Tuesday, July 30, 2013

NGD: 1997 Fender American Standard Strat

I scored this one from GC Used for roughly half the going used rate.  The reason is because it was refinished - and it was either a terrible job or the previous owner tried to relic it.  Either way, the body needs a little TLC.

Until I have the time to properly refinish it, I stuck some stickers on it - one of which may look familiar to some of you.  It covers the name "Anna" that was carved into it.  I think it looks better now!

Yeah, the stickers really improved the tone. ;)

I've blogged about 90's strats before - the necks are great.  The bodies are typically heavier than more modern strats and don't have the same cuts/route measurements.  But I think their saddles are an acoustic improvement.  I understand the return to "vintage: rolled saddles, but they aren't "better".   I A/B this one with my 2011 Fender American Standard strat unplugged and the 90's was certainly louder, more acoustic with more "ring" to it (if that makes any sense).

The '97 pickups are as stratty-quack sounding as any I've heard.  The only confusing thing was the lack of a TBX tone pot.  It has three CTS pots so my guess is the stock pots were replaced.  Whoever did the replacement did it right as all pickups and switch positions function and sound as they should.

It didn't come with the trem bar but I happened to have an extra righty lying around so NBD.  I actually like the (opposite) curve though I might try to straighten it out jut a bit.

The neck is in great condition as are the frets.  There is some binding at the nut - the slots probably need to be widened a bit with a small dab of graphite.  No case but at the price I paid I can't complain.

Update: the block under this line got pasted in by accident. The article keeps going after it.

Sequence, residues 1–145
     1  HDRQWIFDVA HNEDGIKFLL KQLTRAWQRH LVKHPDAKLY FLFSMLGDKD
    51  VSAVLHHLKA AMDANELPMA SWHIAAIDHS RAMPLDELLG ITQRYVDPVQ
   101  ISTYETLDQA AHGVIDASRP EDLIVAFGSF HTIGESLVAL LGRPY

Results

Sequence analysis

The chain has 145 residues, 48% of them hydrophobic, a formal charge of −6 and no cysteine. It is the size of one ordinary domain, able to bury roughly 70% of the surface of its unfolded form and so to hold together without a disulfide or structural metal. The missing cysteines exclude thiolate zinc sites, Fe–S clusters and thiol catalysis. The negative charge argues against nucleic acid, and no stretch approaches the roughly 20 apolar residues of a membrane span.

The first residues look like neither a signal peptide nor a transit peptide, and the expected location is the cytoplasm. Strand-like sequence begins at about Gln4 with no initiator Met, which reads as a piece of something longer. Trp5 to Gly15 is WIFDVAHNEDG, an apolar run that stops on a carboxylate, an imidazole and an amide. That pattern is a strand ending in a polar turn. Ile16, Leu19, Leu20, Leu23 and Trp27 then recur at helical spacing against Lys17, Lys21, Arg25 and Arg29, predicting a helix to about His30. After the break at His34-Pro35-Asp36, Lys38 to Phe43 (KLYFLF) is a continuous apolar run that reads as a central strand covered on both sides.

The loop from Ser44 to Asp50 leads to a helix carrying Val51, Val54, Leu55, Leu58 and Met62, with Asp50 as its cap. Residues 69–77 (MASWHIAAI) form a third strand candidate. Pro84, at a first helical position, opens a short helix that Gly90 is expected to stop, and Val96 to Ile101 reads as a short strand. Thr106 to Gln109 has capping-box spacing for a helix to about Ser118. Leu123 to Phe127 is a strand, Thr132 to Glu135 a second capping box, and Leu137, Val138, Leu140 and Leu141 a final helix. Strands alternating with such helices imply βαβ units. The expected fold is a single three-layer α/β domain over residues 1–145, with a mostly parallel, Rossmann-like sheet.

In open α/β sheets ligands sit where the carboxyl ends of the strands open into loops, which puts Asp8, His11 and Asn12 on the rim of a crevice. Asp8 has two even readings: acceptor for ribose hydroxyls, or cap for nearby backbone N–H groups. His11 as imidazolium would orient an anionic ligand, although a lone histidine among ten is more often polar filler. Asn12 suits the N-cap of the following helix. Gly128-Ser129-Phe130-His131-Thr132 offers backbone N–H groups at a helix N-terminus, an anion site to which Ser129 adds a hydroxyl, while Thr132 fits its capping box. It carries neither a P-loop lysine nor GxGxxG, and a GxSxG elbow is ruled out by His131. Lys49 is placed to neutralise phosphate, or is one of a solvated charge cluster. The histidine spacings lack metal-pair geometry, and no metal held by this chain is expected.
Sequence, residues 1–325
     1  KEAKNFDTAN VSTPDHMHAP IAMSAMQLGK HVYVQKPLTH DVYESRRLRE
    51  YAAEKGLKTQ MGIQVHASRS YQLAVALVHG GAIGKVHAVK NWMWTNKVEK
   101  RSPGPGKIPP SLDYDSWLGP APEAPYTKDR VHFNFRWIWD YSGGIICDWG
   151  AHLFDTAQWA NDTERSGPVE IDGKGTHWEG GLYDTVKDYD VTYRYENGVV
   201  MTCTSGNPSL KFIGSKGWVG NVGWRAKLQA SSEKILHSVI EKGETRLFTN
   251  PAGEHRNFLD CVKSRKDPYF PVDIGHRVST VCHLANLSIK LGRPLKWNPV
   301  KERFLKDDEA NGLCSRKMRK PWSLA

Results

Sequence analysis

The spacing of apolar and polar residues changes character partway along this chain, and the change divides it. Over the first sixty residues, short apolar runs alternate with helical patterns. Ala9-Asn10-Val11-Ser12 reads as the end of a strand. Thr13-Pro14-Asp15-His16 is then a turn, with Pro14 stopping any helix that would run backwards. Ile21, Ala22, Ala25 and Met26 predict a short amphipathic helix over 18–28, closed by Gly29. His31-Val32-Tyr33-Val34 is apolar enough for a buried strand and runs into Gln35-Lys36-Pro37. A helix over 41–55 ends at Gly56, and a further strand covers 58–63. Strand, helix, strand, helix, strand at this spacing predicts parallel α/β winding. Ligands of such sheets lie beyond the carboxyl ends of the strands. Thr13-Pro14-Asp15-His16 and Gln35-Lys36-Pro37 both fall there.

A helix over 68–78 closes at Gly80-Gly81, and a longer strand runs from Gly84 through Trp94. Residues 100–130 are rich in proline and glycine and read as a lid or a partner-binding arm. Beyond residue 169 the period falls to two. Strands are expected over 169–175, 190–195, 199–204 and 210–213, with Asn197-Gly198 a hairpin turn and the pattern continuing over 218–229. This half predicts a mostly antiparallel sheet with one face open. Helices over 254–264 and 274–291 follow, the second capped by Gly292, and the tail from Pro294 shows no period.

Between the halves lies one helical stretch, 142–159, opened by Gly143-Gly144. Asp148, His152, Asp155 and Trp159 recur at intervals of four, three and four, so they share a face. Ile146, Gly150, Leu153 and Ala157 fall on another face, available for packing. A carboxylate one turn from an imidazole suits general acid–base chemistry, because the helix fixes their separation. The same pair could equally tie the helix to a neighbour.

So there it is, the VMware strat!

Monday, June 3, 2013

2013 VMware vExpert!

Looks like 2013 is going to be another stellar vYear!  I found out last week that I was awarded the vExpert designation again this year.  The official announcement and list can be found here:

VMware has a good thing going with this program - it gives them the opportunity to recognize those that are active in the virtualization community and provides benefits to the receivers from both VMware and it's partners.  Here's a partial list of the benefits I've received thus far:

  • Eval licenses from VMware
  • Polo shirt from Tintri (now x2)
  • Free year subscription from Train Signal
  • $100 off VMworld registration
  • Free license for V-locity Performance Accelerator from Condusiv
  • Access to various VMware beta programs like vSphere and Project NEE

On a related note, I also completed registration for VMworld 2013 last week.  A decade of VMworld!  Keep watching for my VMworld recap in early September.

Thursday, May 16, 2013

Re-Purposing an Old EMC Celerra

One of the reasons I was hired by my current employer was to implement an EMC Celerra NS352 NAS/SAN that was purchased the year before.  That was six years ago.  Since then I have moved all workloads off of this storage and on to other SANs.  So what to do with this device?  We tried selling it to four different vendors that specialize in used hardware - none of them would take it, not even for free.  Ouch!  Instead of paying a recycling company to come pick it up, I decided we could re-use it for tier II or III data.  Note that the Celerra has a CLARiiON SAN back-end.  I was never impressed with the Celerra's performance (putting it nicely) but connecting the CLARiiON directly to the SAN fabric and shutting-down/disconnecting all of the NAS head components should be worth the effort.  It does have roughly 13TB of 2Gb fibre drives after-all.